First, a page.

Traditionally The Taming of the Shrew has brought all sorts of controversy and discussions on sexism and the submission of wives to their husbands. However, for this particular experience, I would suggest we leave these issues aside and address the play as a worthy creature in its own right.
While, in other forms of art, I would be loathe to give away too much of the plot, in Shakespeare, I feel it’s often necessary to be familiar with the tale before you enter, as the charm of the play possibly lies more in the dialogue, imagery and language than in the storyline. Having said that, I’m not as familiar with this one as I am with others, and suspect that affected the way I responded to it. Of course, I haven’t mentioned the novel twist to this particular performance – set in relatively modern-day (say 1970s) Pakistan, it was entirely in Urdu. Coming from an Asian background, I have a passable knowledge of Urdu, approximately equivalent to that of a five year old, perhaps; and this gave me an advantage compared to the native Brits in the audience. Nevertheless, there was much praise in the intermission, and a written guide gave a detailed outline of each act, so I suspect there was little detraction from the enjoyment of the play.
So we began in Lahore and instantly I could see the advantage of this particular Shakespearean play for such an adaptation. In many ways, the themes addressed here are familiar and relevant to life in Lahore, and the similarities to Pakistani culture made the play seem much less archaic than it might otherwise. The story revolves around the marriages of two daughters. A number of suitors compete for the hand of the younger, but paternal decree requires the shrewish elder to wed first. Cue much hilarity over attempts to subdue the Shrew whilst simultaneously wooing the ingénue, along with the traditional role-changes and confusion over identities.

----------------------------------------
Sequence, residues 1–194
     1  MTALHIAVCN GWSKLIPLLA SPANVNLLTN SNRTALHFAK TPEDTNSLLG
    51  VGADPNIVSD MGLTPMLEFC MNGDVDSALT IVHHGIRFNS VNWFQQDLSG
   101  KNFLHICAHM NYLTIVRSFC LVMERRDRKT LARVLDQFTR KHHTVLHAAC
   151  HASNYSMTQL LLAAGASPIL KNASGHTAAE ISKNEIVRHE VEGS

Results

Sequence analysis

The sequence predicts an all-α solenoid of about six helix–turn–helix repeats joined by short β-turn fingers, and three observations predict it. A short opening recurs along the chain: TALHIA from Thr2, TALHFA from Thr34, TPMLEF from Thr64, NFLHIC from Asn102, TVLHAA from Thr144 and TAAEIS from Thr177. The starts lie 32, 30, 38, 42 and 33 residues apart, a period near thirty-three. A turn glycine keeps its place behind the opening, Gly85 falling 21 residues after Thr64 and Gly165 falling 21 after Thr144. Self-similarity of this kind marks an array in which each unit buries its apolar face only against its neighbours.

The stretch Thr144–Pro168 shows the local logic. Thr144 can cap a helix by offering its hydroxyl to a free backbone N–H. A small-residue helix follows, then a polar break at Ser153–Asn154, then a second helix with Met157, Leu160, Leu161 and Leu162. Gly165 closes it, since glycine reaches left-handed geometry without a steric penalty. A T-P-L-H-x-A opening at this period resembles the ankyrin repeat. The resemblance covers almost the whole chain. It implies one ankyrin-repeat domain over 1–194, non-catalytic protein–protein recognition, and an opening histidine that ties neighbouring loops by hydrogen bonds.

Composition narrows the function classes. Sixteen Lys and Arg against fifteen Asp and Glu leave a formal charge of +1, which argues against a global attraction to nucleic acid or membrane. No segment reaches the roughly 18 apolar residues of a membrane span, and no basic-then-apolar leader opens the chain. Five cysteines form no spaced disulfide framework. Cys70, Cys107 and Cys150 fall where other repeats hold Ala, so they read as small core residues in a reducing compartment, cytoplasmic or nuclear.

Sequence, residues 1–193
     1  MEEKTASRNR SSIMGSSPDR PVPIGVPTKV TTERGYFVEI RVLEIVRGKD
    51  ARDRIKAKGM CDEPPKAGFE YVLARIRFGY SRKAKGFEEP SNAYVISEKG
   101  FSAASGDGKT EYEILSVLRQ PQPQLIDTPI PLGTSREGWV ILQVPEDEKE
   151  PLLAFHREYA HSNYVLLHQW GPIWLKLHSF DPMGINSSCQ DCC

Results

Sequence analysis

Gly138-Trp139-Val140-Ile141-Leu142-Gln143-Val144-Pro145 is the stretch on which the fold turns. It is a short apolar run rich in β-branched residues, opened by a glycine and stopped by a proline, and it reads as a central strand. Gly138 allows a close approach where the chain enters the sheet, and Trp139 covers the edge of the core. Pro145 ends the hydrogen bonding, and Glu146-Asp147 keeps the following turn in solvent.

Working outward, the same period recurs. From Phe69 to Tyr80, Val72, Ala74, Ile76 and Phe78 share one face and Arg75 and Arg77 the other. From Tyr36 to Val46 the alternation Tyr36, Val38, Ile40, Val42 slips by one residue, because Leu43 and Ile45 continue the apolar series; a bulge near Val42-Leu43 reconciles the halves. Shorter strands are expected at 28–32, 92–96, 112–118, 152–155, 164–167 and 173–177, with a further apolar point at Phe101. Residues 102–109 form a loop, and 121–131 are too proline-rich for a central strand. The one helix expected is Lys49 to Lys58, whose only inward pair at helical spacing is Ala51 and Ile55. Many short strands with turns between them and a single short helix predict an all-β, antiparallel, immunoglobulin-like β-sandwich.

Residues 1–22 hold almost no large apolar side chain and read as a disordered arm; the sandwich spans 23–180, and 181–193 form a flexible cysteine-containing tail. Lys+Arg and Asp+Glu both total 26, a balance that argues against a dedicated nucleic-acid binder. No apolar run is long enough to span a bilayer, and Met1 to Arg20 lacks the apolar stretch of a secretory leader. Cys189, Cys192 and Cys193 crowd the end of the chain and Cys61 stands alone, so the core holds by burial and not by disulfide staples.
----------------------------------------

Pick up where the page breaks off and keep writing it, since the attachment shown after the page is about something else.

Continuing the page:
In a culture where arranged marriages are not seen as abnormal, and where embarking on a life together with another person is more by decision than determined by Cupid’s fancy, the limitations placed on the suitors seemed perfectly logical, and minor alterations to update the storyline were barely noticeable. Suddenly, what could have been a staid and arcane tale became fresh and relevant. In addition, one advantage afforded to me by my language skills was the ability to see the suitability of Urdu for such a play. It is a poetic language (or can be) and lends itself well to a translation of Shakespearean dialogue, as the florid descriptions and romantic imagery fit perfectly without seeming out of place or stilted for a modern audience.
A superb cast with obvious chemistry served to draw in those who might have struggled with the dialogue, making the comedy physical without becoming farcical – a subtle balance. In addition, an original score with traditional musicians created an intoxicating atmosphere, and it was difficult to keep from smiling along with the characters.
While for a British audienc, this production may benefit from subtitles (à la opera), the impressive performances offered, not just by the main characters, and the versatility of the cast made this an impressive translation of the Bard on to a more international stage.
Why on Earth hasn’t it been done before?
Rain (DI Reviewer), 22/05/12
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